Fans were right to fear that one of Marvels very best titles might have been trashed. Turning a long-running and much loved comic into a film tends to be more difficult than adapting a novel or a play. With the X-Men, there are almost 40 years worth of stories to choose from. The tone and visuals have changed over the years, too. Film-makers also have to deal with the expectations of loyal fans. Moreover any adaptation of a superhero book needs to set out how its central character came to have his or her extraordinary powers so that non-fans can follow the story. Its a complex job, one well done in X-Men by screenwriters David Hayter, Tom DeSanto and Bryan Singer (also directing).

The structure theyve created for the film is built on parallelism and oppositions. Magneto, the villain, and Professor Xavier, the X-Mens founder, are in many ways equal but opposite to one another. Friendly foes, they are both powerful mutants, each with a band of followers. But whereas Magneto wants to conquer the world, Xavier wants to save it; whereas Magnetos followers are lackeys, Xaviers are students, encouraged to think for themselves. In many ways the film is about the attempt by Magneto - who first discovered his mutant powers in a concentration camp - to stop the politician Kellys Nazi-like scheme to impose a mutant-registration scheme. But its Wolverine - who makes the journey from hard-drinking loner to X-Man in order to halt to Magnetos scheme - who drives the story. Wolverines trajectory finds echoes in Rogues arc, from isolated Mississippi teenager to one of Xaviers gifted pupils, but whereas shes an outsider because of what happened to her naturally at puberty, Wolverines sense of alienation derives from being subjected to painful, state-sanctioned medical research - a further allusion to Nazism. While there are still holes in the plot, this complex but deft structure - tightly woven around the central theme of prejudice - allows different characters to share the burden of a convoluted plot.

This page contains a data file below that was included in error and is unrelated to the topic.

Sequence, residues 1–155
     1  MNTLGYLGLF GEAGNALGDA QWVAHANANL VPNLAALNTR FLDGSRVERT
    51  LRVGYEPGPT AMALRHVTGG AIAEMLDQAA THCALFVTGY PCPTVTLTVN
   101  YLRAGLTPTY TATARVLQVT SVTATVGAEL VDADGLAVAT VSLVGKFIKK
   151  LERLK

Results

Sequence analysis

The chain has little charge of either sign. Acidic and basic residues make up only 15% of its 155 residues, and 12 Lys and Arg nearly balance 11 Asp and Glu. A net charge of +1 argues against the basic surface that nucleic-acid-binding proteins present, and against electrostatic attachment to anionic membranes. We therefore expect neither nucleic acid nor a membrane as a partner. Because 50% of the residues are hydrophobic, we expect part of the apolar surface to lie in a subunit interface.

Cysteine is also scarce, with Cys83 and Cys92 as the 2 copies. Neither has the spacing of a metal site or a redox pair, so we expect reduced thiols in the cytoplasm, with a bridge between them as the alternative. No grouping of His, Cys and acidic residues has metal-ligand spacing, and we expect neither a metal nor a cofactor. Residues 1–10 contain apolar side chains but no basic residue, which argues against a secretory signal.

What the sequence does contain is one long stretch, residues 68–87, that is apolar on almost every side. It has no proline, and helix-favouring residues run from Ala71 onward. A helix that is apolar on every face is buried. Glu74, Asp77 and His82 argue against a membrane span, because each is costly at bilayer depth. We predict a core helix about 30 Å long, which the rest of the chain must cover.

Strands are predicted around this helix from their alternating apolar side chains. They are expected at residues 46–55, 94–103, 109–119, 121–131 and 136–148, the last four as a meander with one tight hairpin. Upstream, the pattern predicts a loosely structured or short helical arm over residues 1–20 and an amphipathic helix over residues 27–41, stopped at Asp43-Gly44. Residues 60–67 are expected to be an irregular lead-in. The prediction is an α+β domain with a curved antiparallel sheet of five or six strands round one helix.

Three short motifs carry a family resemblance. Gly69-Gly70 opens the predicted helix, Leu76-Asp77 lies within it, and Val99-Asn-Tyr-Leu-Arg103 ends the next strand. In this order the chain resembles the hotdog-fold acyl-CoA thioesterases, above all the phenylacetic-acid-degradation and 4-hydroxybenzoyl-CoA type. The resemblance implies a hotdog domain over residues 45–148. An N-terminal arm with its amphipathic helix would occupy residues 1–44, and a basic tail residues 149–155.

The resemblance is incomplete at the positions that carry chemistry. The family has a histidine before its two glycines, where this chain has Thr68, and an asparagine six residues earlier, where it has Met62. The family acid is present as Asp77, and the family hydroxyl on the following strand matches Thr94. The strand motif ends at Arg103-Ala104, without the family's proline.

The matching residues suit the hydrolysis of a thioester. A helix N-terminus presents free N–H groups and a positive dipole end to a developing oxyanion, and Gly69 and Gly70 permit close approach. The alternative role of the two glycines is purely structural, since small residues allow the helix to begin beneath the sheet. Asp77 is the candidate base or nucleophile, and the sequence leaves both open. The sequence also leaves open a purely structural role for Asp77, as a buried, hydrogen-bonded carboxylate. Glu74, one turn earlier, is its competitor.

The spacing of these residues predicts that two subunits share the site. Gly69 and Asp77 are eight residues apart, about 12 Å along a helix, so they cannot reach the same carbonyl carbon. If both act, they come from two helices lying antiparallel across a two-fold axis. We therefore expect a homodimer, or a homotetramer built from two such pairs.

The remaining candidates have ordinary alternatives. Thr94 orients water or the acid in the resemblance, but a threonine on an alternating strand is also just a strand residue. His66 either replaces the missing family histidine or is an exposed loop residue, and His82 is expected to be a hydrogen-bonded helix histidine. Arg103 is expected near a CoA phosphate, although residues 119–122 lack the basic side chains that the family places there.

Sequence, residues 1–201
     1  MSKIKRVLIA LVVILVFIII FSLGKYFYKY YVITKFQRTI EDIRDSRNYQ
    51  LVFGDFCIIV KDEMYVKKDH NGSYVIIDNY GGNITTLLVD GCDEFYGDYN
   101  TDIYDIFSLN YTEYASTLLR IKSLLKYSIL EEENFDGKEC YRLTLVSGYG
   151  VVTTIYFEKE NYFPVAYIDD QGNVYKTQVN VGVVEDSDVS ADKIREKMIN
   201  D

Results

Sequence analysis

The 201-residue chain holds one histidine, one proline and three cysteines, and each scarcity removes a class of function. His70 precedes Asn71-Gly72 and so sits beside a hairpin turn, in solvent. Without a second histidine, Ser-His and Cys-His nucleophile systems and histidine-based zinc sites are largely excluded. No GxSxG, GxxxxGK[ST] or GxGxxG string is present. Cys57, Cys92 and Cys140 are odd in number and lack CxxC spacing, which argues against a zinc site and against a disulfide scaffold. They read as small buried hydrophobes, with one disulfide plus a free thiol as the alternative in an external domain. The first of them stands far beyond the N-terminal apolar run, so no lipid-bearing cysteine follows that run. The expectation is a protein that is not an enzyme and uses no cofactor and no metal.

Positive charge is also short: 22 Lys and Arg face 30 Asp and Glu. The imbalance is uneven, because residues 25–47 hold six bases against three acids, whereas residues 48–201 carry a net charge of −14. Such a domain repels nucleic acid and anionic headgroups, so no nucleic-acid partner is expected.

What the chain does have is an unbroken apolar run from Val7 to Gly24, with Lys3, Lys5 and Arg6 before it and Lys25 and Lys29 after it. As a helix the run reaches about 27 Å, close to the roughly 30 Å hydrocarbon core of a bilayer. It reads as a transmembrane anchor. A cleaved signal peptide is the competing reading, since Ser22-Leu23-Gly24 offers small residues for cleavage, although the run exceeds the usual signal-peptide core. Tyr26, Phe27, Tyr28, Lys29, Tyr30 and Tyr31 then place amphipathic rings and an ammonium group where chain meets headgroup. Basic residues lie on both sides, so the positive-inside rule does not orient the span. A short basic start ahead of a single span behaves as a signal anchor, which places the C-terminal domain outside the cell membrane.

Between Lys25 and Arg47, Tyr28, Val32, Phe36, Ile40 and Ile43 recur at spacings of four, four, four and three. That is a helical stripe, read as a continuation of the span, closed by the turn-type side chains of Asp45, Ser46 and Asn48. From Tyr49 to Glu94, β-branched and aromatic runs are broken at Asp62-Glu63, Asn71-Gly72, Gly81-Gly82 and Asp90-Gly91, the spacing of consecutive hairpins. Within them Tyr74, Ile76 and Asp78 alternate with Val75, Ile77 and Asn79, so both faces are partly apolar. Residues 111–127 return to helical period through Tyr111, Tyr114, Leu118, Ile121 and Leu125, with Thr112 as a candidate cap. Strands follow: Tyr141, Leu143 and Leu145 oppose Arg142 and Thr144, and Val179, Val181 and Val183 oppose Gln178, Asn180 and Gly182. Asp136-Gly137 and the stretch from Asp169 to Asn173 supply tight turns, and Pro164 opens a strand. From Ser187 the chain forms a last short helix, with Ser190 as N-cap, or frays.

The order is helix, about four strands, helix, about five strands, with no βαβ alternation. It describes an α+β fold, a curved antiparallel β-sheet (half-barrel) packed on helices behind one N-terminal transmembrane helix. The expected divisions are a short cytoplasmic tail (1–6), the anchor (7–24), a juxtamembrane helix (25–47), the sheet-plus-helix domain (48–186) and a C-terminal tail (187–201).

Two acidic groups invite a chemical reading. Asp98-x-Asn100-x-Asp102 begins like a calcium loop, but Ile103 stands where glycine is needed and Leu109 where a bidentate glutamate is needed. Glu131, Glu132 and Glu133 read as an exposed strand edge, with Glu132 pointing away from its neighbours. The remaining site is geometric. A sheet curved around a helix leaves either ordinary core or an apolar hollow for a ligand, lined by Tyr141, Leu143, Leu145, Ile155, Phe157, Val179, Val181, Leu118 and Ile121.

But the film could have fallen apart if other elements hadnt succeeded. Visually, the movie is a treat. X-Man Cyclops joke about wearing yellow spandex suits suggests the film-makers were right to dispense with the garish uniforms of the original comic book and opt for darker, more high-tech accoutrements. The make-up work is accomplished - we see expressive faces behind the masks - and the set design is a superb combination of opulence and minimalism ( Xaviers school, for instance, is all leafy exteriors and oak-panelled lecture halls, but it conceals a network of chrome vaults and pristine corridors). Assisted by DoP Newton Thomas Sigel, Singers visual flair is evident throughout: from the simplest of shots such as the first image we see of Wolverine, his face shrouded in shadows and smoke, to the big set pieces - notably the fight on top of the Statue of Liberty (recalling Saboteur, 1942) - which are witty, if a little short of thrilling.